This decode clearly shows that simple password authentication is present in the hello packets sent out r7’s fe-0/3/0 interface. The plain text password value of jnx is displayed in hexadecimal form with 6a 6e 78 being ASCII code for the configured jnx key. In contrast, the hello packets received by r7 clearly lack the authentication field.

The following capture, taken from r5’s aggregated SONET interface, illustrates the difference between the simple password and MD5-based hello packet authentication approaches:

[edit protocols isis] lab@r5# run monitor traffic interface as1 Listening on as1 . . . 05:03:53.746131  In iso isis len=72                          PTP iih, circuit l2 only, holding time 27                          source 1:0:0:0:30:4, length 72                          PTP adjacency status UP                          Supports protocols are CC 8E                          IP address: 10.0.2.10                          area addresses                          49.0001 (3)                          authentication data                          3661 755c 5532 ce85 645f a7d0 8b92 8934 69 

Once again, it is clear that the received hello packet is carrying some type of authentication information. However, it is not obvious whether the packets are using simple password or MD5-based secrets. If you suspect that mismatched MD5 secrets have been configured, you will need to reset the MD5 key in all routers. Reverse engineering the MD5 hash is not possible, even with an ASCII code chart.

Protocol Tracing

While monitoring traffic has the benefit of being fast and dirty, the output will often leave much to the operator’s interpretation, which is in stark contrast to the overt error messages that are sometimes seen with protocol tracing. The following tracing configuration has been added to r7:

[edit protocols isis] lab@r7# show traceoptions file isis; flag error detail; flag hello detail;

This tracing configuration produced the following output, which makes it hard to miss the authentication-related nature of the problem:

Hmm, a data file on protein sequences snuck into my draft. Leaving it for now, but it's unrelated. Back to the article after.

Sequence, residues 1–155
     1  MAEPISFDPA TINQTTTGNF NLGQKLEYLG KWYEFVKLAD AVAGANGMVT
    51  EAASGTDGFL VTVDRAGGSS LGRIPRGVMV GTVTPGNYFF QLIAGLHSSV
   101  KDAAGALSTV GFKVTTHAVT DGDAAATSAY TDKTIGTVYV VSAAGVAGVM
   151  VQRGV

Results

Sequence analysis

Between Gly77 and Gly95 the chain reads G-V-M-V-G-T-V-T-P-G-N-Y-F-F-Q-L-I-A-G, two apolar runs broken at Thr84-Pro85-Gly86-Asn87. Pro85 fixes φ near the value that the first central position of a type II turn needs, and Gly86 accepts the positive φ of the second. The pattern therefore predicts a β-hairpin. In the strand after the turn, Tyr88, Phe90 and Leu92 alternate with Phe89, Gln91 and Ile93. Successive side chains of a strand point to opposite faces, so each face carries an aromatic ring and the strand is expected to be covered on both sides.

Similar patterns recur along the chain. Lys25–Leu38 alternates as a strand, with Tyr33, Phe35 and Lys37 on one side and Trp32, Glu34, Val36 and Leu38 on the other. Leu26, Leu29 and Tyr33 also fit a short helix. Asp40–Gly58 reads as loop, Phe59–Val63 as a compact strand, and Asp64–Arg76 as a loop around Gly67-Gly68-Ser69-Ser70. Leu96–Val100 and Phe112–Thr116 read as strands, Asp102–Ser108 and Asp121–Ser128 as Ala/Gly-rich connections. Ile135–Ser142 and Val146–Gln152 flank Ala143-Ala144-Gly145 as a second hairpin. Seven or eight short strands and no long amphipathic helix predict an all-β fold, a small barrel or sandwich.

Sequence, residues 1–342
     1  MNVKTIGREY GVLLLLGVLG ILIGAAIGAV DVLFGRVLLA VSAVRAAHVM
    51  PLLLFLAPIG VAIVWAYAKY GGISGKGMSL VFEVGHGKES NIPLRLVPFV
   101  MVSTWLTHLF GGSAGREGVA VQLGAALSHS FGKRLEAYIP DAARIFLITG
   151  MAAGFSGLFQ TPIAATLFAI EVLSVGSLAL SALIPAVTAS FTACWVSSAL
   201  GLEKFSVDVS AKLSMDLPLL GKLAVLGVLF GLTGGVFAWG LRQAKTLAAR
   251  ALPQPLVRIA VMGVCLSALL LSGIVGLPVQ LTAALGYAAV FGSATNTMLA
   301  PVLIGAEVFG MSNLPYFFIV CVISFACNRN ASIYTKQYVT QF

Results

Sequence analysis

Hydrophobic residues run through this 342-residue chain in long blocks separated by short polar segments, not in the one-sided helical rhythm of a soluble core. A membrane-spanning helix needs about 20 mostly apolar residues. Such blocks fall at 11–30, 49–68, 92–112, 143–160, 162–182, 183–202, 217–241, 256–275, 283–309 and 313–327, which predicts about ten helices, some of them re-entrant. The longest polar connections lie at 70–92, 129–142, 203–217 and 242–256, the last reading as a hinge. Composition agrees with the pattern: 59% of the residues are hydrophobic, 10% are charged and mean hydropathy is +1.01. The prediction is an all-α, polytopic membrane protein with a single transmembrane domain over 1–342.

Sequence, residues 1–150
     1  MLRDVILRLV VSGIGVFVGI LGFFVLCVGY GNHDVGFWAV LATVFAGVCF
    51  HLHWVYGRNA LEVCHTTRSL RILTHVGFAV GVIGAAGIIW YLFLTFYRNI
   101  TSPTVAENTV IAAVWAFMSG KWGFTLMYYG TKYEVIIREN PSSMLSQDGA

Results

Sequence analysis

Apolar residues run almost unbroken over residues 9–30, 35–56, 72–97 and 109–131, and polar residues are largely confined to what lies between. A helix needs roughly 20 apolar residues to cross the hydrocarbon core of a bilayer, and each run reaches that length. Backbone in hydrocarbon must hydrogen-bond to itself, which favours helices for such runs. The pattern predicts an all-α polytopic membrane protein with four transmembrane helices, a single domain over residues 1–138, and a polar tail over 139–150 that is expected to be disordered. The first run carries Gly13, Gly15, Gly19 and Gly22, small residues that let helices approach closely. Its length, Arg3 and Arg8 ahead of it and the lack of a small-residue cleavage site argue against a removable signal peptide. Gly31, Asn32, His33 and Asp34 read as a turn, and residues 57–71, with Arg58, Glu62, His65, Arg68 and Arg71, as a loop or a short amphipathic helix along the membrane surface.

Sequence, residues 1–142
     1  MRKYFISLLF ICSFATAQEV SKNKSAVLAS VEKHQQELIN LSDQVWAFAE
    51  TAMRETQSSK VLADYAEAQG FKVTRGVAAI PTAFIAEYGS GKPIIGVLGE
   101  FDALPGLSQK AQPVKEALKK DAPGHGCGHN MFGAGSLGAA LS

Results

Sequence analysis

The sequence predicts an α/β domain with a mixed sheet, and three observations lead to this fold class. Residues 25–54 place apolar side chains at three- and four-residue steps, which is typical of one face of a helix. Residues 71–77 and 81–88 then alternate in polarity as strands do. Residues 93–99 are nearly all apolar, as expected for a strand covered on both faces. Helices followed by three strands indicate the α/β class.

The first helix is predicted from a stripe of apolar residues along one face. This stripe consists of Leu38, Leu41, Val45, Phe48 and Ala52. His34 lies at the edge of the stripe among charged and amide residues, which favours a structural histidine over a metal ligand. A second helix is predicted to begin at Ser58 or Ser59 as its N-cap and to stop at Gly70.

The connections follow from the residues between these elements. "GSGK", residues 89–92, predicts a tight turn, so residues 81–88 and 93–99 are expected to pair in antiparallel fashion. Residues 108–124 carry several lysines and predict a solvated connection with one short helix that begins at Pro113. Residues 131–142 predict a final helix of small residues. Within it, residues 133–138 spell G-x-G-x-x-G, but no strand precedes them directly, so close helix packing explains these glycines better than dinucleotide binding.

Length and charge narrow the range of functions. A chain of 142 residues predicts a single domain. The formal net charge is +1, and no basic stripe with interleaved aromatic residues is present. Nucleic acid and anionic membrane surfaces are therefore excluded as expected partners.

[edit] lab@r7# run monitor start isis lab@r7# May 17 20:08:57 Received L1 LAN IIH, source id r6 on fe-0/3/0.0 May 17 20:08:57     intf index 2 addr 0.a0.c9.69.c1.e4, snpa 0:a0:c9:69:c1:e4 May 17 20:08:57     max area 0, circuit type l1, packet length 1492 May 17 20:08:57     hold time 27, priority 64, circuit id r6.03 May 17 20:08:57     neighbor 0:a0:c9:6f:7b:1a (ourselves) May 17 20:08:57     speaks IP May 17 20:08:57     speaks IPV6 May 17 20:08:57     IP address 10.0.8.1 May 17 20:08:57     area address 49.0002 (3) May 17 20:08:57 ERROR: IIH from r6 without authentication May 17 20:08:57 ERROR: previous error from L1, source r6 on fe-0/3/0.0 

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How Can You Confirm Area 49.0001 Authentication Settings?

The presence of the no-authentication-check option in the backbone routers can cause incompatible or incorrect authentication parameters to go undetected. Before moving on, you should temporarily delete this option on a backbone router and verify that all level 2 adjacencies are maintained. After confirming that all is well, this option should be reinstated, as its presence is needed to show compliance with the specified configuration requirements.

[edit protocols isis] lab@r5# delete no-authentication-check [edit protocols isis] lab@r5# commit commit complete [edit protocols isis] lab@r5# run show isis adjacency Interface            System        L State       Hold (secs) SNPA as1.0                r4            2 Up                  23 at-0/2/1.35          r3            2 Up                  23 fe-0/0/0.0           r6            1 Up                    8  0:a0:c9:69:c5:27 fe-0/0/1.0           r7            1 Up                   20  0:60:94:51:c4:27 [edit protocols isis] lab@r5# set no-authentication-check [edit protocols isis] lab@r5#  commit commit complete

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JNCIP. Juniper Networks Certified Internet Professional Study Guide Exam CERT-JNCIP-M
JNCIP: Juniper Networks Certified Internet Professional Study Guide
ISBN: 0782140734
EAN: 2147483647
Year: 2003
Pages: 132